Threat of African Swine Fever Spread in Eastern Europe: Urgent Need for International Collaboration

One of the main recommendations of an FAO regional meeting on African Swine Fever (ASF) was that the disease should be considered as a top priority animal health problem by all affected countries and a threat for the whole Europe.
calendar icon 28 December 2012
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According to FAO, a regional consultation in the Hungarian capital, Budapest, in early December 2012, resulted in a number of recommendations.

The group discussed the progressive spread of African Swine Fever (ASF) in the Russian Federation, in Georgia, Armenia and in some other south Caucasian countries, and the threat of further spreading to Europe and Asia.

It was assessed that the effects include the socioeconomic impact of the disease affecting the pig production sector, particularly poor rural families, the financial losses due to high mortality and trade restrictions, the high cost of controlling outbreaks, and the negative impact on the development of the pig sector.

The low efficiency of national veterinary services of some countries in the region in terms of human, physical and financial resources, and also lack of good governance were considered to be significant. However, the sustainable control of ASF (and other Transboundary Animal Diseases) requires good governance of animal health systems, supported by appropriate public-private partnerships and continuously updated supporting legislation, it was agreed.

The lack of updated knowledge on certain aspects of the disease ecology and epidemiology was identified, as was a lack of sub-regional surveillance, prevention and control strategies despite presence of successful experiences in the control of ASF in many parts of the world.

The absence of a vaccine and treatment for the control of ASF emphasizes the crucial importance of sanitary measures.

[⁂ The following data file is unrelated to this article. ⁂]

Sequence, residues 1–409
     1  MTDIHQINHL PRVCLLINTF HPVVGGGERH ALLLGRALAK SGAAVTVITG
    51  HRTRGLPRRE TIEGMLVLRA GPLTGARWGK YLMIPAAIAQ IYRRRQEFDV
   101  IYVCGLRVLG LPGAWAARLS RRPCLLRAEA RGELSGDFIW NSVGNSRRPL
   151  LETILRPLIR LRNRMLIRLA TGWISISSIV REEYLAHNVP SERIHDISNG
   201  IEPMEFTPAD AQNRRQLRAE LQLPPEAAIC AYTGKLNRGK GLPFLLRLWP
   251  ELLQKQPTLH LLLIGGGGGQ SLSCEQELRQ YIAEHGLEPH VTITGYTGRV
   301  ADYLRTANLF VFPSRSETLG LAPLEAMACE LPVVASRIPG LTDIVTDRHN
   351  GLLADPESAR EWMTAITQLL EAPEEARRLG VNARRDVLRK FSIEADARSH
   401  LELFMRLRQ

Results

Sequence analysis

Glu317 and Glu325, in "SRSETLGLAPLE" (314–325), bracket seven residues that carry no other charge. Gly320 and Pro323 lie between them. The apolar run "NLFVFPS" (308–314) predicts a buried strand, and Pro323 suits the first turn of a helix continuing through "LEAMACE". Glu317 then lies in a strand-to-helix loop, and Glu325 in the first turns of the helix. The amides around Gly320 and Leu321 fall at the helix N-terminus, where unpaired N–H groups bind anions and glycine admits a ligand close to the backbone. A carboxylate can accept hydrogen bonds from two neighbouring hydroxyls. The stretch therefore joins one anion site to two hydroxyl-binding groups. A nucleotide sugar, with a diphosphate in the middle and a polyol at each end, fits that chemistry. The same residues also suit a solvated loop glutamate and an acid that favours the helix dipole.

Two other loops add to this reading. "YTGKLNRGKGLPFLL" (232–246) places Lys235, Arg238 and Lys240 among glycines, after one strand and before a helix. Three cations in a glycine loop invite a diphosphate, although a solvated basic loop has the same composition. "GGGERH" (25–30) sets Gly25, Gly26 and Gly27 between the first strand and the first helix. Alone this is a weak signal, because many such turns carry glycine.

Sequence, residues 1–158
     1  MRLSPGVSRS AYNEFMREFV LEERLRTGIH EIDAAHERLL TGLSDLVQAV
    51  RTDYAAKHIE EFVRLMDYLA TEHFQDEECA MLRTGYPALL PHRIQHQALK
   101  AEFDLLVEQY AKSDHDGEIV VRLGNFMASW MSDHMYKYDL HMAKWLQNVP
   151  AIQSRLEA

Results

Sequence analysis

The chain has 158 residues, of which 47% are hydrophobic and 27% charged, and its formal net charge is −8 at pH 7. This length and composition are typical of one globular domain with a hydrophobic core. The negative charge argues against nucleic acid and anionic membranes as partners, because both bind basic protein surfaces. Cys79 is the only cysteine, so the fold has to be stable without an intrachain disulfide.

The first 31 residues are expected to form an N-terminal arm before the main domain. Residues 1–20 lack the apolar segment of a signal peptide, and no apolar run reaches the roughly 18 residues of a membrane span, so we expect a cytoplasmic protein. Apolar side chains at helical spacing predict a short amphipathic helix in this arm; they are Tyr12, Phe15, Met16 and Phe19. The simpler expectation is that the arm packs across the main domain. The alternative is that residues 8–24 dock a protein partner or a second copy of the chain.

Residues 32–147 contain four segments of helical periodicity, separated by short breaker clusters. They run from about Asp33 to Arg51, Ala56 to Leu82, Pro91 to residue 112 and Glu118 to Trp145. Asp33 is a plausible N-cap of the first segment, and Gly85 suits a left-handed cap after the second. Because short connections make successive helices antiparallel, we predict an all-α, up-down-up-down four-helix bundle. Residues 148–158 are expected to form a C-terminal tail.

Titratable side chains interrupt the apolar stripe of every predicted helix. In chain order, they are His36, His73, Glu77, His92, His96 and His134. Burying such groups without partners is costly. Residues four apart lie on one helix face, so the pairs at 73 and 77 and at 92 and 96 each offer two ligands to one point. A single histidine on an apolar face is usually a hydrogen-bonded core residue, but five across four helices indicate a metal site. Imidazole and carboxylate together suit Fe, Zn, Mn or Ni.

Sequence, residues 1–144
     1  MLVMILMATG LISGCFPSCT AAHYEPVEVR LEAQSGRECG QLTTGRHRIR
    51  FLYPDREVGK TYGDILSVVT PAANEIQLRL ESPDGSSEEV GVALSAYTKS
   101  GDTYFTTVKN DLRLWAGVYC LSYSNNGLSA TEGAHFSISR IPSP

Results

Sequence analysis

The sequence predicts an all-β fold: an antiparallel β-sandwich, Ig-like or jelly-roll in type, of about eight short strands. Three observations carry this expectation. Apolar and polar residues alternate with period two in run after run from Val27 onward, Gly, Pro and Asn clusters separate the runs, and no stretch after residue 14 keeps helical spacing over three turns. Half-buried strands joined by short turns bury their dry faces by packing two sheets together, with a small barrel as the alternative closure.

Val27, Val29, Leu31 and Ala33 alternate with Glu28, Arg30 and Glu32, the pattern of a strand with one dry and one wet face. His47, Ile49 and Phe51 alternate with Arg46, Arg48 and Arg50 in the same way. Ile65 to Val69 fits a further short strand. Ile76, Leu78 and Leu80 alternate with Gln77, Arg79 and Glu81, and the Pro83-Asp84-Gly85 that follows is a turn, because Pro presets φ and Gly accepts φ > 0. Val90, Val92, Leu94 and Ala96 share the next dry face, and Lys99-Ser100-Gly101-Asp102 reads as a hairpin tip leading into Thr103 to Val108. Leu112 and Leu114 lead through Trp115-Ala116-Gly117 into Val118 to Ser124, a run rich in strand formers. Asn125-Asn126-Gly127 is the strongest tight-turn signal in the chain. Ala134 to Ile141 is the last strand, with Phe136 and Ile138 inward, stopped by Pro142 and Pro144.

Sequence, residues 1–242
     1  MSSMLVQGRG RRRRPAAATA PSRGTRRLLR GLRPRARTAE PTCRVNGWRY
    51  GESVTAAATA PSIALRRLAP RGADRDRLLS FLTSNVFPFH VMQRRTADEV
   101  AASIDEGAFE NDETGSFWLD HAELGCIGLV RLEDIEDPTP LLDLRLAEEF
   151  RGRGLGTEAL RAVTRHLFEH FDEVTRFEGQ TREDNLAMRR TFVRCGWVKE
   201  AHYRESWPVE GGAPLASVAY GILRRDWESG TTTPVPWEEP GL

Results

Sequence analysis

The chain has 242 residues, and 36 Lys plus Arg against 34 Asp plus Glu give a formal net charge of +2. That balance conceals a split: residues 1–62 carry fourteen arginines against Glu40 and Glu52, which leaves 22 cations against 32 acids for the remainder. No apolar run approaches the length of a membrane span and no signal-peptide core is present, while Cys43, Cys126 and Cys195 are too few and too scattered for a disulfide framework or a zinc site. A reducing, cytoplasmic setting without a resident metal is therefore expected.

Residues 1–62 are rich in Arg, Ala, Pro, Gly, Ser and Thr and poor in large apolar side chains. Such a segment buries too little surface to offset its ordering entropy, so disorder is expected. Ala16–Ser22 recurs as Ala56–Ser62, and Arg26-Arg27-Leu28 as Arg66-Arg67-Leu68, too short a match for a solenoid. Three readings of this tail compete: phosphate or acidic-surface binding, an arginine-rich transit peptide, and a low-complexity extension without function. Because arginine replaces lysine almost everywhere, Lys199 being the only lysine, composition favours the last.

A good validated methods and tools for ASF laboratory diagnostics are required, the group decided.

The globalisation of trade with rapid and long distance movements of swine and pork products increases the risk of ASF spreading from one country/region to another. This applies particularly to trade and movements that are not under the control of the veterinary services.

The growing importance of the pig production to respond to the growing demand in proteins of animal origin was also thought to be an important factor.

The Recommendations of the 24th (Astana, Kazakhstan in September 2010) and 25th (Fleesensee, Germany in September 2012) Conferences of the OIE Regional Commission for Europe, of the ASF Global Alliance workshop (Rome, Italy in September 2011), of the 4th Steering Committee meeting of the Global Framework for Transboundary Animal Diseases (GF-TADs) for Europe (Brussels, Belgium in January 2012) require consideration.

The OIE Terrestrial Animal Health Code (notably Chapter 15.1) and OIE Manual of Diagnostic Tests and Vaccines for Terrestrial Animals (notably Chapter 2.8.1) and the following recent publications should also be considered:

  • Preparation of African swine fever contingency plans (FAO, FAO Animal Production and Health Manual No. 8)
  • Good practices for biosecurity in the pig sector (FAO and OIE, FAO Animal Production and Health Paper No. 169).


The participants of the meeting made the following 14 recommendations:

    • ASF has to be considered as a top priority animal health problem by all affected countries and a threat for the whole Europe.

    • ASF prevention and control shall be considered as an international public good, eligible to international solidarity and donor support, to initiate or intensify ASF prevention and control programmes in countries in need of funding.

    • To conduct epidemiological studies to better understand the ecology of ASF virus including the role of ticks and wild boar in the persistence and spread of the disease.

    • To conduct socio-economic analysis (including the direct and indirect losses due to ASF, livelihood, livestock sector strategies and value chain analysis), that can guide ASF control programs to be more successful as well as to provide evidence to policy makers on the need to invest in ASF prevention and control measures.